Some ‘eco’ dish sponges and scourers aren’t that flash in the pan.
Doing the dishes isn’t my idea of fun, but non-stick cookware should always be washed by hand lest the dishwasher’s high temperature and harsh detergent wreak havoc on the fragile surface.
Tip: Never use anything abrasive, including plastic scouring pads, steel wool or stiff brushes, on non-stick cookware.
Many dish sponges and scourers are made of plastic, though. Unfortunately, such products have a short lifespan and will inevitably end up at the tip, so I trialled five “eco” options to see if any were up to scratch.
2 Pack, $5.29 supermarkets
These scourer-sponges are almost indistinguishable from the usual suspects – they look, feel and work as well as their ordinary counterparts. The difference is that the scourer is made from recycled plastic PET bottles, while the sponge is “100% natural fibres” (cellulose). All up, the scourer-sponges contain “35% synthetic abrasive particles, binder and pigment” and “65% natural & recycled fibres”.
That doesn’t sound too bad, but it’s not clear how much of that 65 percent is recycled plastic and how much is from a renewable source such as cellulose. And even though the cellulose is plant-based, it’s been treated with biocides, so the sponges can’t be composted.
They work as well as their ordinary counterparts, but at the end of the day, they're still mostly plastic.
A key selling point – that this “scrubbie” doesn’t harbour bacteria* – is a mixed blessing. Scrubbies aren’t absorbent, so presumably germs can’t soak in. But that also means detergent just slides right off.
Also, scrubbies lack the pliability of a normal sponge (good luck squeezing it into a narrow-mouthed bottle) and the spiked side didn’t remove stuck-on food. It did, however, do an excellent job on plates and cups and is now my go-to for lightly soiled washing-up.
I’d bought two scrubbies on special, so I took one home, sterilised it, and tried using it to remove dog fur from the backseat of my car. (That’s not weird – the advertising spiel says it “can also be used dry to remove lint and hair”.) Perhaps the scrubbie was having a bad hair day, but my car’s upholstery is still a lot furrier than I’d like.
Although this scrubbie is durable, silicone must be recycled at a specialised recycling facility. I couldn’t find one in New Zealand, so at the end of its life the scrubbie will have to be binned.
*We didn’t test this claim.
One scrubbie will last for years, potentially replacing hundreds of sponges. But it couldn’t shift stuck-on food and can’t be recycled locally.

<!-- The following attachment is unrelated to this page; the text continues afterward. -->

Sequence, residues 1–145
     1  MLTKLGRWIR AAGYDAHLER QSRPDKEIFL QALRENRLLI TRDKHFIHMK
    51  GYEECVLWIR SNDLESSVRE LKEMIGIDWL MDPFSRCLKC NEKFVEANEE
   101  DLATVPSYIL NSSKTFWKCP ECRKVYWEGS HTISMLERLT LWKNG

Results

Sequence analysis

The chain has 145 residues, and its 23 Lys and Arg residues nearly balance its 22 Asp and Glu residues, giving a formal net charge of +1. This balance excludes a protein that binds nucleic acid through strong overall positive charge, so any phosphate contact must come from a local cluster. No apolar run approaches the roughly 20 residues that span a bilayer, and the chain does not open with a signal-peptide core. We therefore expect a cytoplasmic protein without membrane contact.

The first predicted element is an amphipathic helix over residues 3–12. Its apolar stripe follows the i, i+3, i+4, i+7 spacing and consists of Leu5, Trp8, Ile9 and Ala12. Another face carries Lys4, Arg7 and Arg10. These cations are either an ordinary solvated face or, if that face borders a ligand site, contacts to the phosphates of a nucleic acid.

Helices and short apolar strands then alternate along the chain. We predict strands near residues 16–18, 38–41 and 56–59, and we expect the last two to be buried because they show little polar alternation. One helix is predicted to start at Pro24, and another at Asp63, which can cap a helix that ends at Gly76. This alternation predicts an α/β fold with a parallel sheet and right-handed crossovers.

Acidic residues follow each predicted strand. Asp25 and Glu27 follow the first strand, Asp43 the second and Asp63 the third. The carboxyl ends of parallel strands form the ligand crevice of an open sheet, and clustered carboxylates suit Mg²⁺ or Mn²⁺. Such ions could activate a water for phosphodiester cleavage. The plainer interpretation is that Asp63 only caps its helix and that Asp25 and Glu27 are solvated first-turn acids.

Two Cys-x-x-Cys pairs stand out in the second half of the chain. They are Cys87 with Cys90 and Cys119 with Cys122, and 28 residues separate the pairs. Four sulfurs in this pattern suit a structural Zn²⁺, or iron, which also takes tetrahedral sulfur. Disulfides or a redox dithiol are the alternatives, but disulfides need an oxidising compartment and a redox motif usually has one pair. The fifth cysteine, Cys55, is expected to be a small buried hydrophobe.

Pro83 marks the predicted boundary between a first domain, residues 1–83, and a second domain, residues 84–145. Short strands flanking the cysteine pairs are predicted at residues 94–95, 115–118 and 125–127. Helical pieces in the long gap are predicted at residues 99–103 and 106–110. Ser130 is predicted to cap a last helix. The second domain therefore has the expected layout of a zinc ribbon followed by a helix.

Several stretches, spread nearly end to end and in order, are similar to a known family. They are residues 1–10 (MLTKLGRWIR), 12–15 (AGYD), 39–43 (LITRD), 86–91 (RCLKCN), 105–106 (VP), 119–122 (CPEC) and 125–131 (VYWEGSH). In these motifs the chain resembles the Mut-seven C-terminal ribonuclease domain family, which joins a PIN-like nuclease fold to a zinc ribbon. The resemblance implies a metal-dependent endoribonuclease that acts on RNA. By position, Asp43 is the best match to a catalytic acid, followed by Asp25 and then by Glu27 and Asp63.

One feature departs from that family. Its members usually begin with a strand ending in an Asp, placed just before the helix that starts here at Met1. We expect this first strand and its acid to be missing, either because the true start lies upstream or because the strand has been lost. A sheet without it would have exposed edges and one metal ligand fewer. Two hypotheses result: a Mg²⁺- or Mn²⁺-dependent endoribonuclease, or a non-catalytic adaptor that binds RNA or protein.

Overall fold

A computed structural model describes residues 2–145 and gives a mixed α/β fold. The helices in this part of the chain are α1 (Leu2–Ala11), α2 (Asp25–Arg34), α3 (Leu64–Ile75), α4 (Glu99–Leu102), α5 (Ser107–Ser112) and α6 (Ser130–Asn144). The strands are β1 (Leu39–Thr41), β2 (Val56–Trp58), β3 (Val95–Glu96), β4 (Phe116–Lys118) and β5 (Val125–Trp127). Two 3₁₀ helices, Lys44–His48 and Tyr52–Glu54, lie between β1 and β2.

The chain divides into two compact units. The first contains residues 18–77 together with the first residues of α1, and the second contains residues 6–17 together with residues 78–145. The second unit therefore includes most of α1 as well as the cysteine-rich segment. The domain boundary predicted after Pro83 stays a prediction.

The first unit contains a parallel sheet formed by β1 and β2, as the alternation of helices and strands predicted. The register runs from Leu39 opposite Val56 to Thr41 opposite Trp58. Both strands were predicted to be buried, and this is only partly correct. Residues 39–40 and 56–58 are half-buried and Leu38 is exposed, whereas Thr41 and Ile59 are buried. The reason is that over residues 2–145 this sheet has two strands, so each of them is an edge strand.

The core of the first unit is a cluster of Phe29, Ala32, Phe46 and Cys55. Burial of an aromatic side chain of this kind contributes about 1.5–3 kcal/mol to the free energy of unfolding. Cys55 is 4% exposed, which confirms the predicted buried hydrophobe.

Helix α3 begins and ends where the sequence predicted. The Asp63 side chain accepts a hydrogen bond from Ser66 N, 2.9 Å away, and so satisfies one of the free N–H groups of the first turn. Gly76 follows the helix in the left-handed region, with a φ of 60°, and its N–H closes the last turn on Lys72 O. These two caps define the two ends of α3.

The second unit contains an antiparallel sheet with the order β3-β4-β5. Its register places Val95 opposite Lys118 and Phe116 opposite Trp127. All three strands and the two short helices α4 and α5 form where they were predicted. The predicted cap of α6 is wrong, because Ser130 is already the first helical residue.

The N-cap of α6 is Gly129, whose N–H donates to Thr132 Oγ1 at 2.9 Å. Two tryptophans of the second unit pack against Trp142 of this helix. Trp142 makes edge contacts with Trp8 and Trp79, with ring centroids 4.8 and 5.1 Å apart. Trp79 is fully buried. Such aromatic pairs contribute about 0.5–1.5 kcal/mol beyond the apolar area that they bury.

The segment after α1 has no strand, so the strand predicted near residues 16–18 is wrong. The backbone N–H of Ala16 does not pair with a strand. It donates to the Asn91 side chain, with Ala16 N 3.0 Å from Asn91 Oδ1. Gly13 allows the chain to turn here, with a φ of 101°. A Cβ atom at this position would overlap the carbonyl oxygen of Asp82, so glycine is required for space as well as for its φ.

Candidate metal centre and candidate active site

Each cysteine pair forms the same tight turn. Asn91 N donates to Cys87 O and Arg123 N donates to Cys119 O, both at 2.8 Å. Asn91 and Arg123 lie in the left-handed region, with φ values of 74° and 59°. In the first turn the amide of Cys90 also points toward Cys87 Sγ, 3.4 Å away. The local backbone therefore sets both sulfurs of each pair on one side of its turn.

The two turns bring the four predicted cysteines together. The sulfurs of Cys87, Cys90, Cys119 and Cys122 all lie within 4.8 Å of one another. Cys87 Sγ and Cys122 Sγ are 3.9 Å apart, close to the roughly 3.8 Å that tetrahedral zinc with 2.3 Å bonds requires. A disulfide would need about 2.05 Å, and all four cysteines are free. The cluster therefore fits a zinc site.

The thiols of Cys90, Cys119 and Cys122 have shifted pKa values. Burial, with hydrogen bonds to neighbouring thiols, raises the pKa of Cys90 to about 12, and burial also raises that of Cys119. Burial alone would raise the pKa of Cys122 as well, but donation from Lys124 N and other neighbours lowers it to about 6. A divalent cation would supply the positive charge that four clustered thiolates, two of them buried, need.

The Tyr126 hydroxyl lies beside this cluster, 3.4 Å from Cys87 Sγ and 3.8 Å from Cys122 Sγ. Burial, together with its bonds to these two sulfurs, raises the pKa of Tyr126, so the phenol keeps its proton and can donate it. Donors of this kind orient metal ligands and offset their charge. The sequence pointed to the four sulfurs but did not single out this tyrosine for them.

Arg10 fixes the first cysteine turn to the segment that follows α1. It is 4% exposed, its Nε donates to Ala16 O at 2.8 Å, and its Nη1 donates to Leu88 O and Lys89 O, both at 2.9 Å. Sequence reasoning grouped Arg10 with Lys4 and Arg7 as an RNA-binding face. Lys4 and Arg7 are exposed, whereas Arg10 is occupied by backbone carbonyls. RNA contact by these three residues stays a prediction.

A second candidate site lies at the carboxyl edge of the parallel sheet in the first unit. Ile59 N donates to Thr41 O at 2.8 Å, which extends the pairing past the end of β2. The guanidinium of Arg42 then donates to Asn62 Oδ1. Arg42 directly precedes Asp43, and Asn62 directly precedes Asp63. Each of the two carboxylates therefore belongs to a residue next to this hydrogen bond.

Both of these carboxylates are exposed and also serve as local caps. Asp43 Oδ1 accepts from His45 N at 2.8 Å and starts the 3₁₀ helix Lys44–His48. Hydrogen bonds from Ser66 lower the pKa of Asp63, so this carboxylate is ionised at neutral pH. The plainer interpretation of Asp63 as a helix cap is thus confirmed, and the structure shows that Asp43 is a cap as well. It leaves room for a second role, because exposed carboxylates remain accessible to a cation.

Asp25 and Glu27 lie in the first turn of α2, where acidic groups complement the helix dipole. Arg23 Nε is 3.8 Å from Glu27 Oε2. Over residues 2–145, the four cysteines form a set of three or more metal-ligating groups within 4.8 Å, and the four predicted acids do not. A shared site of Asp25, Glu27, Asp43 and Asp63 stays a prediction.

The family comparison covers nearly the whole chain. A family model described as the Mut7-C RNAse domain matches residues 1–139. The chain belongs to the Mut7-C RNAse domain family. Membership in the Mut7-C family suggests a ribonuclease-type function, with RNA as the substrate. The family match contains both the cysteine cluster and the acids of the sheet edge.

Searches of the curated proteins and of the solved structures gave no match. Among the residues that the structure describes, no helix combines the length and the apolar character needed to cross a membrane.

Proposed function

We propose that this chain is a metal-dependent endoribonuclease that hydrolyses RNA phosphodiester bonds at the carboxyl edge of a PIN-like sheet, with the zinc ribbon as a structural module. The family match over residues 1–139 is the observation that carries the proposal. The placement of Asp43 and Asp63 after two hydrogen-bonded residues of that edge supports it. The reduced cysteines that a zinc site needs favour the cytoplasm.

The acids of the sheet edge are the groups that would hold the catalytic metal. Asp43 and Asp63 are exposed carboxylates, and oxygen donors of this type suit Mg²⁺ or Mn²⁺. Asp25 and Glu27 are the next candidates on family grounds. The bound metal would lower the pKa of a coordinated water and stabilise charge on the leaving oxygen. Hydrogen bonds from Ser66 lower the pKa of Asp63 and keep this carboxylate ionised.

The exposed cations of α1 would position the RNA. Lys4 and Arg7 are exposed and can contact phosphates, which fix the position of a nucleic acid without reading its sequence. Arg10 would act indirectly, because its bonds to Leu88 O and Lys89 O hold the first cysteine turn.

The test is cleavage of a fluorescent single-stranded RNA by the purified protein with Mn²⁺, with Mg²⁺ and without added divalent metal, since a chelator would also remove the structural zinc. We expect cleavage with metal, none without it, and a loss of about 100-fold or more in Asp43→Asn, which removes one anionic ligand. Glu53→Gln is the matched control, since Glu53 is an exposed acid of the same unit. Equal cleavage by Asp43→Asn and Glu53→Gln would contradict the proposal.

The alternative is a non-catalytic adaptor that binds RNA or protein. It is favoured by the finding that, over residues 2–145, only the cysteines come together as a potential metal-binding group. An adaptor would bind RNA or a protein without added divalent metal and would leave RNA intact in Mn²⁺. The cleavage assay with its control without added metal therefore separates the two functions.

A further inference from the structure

$4.50 small, $7.50 large, Commonsense Organics and online stores
Made from coconut fibre (coir) bonded with a “non-toxic, biodegradable adhesive”, Safix Scrub Pads “are suitable for use on most non-stick surfaces”.
Coir feels like fine nylon wire, so I was hesitant to use it on my expensive cookware. Instead, I trialled it on an old, gilt-edged porcelain teacup, where it didn’t take long for the gold to wear down. I then tried a newer, sturdier cup – the metal trim survived 15 minutes of dedicated burnishing. With my confidence growing, I attacked a non-stick pan. Not a scratch!
The packaging describes the pads as compostable (“dispose of in the garden or yard”). The distributor produced certification to support this claim. Specifically, the test result confirmed that “the coir-based scrub pad will not leave any toxic material in the soil”.
If you’re after a natural, hardcore alternative to steel wool, this coir pad is a good option. And as long as you’re careful, it should be fine for all but the most delicate items.
I couldn’t find any negatives.
$2, The Warehouse
Like tequila, sisal is made from a species of Agave, a plant native to Mexico. It’s used to make rope, among other things, so I was expecting the Maxcare Sisal Scouring Pads to be at least as stiff and wiry as the coir options. Instead, they were far more flexible. They were also gentler. Even when I put my back into scrubbing a frying pan, the sisal didn’t ruin the fragile non-stick surface.
So far so good, but then I saw a few pink and blue strands. The safety data sheet confirmed the presence of synthetic fibres.
The packaging lists the environmental benefits of sisal and bears an “eco-friendly” icon, so it’s easy to assume the scouring pads don’t pose an environmental risk. But the plastic fibres mean the pads can’t be composted.
Sisal is a renewable resource, but the addition of synthetic fibres means the pads will have to be binned at the end of their life.
These cellulose (wood pulp) sponges are topped with a coir-sisal scourer – an effective and convenient combination, especially as the coir-sisal is finer than that used for the Safix. But the scourers contain synthetic fibres, and vinyl acrylic and ureic resin bind it to the chemically treated sponge. That means the product can’t be composted.
Simply Clean’s packaging and website state that the “Coconut Fibre Scourer Sponge is made from natural and recycled fibres, making it kind to the environment”. That’s not exactly wrong, but it is a bit of a stretch to pitch these sponges as environmentally friendly.
The scourers contain some recycled material and the base materials (coir-sisal and cellulose) are renewable, but the product can’t be composted.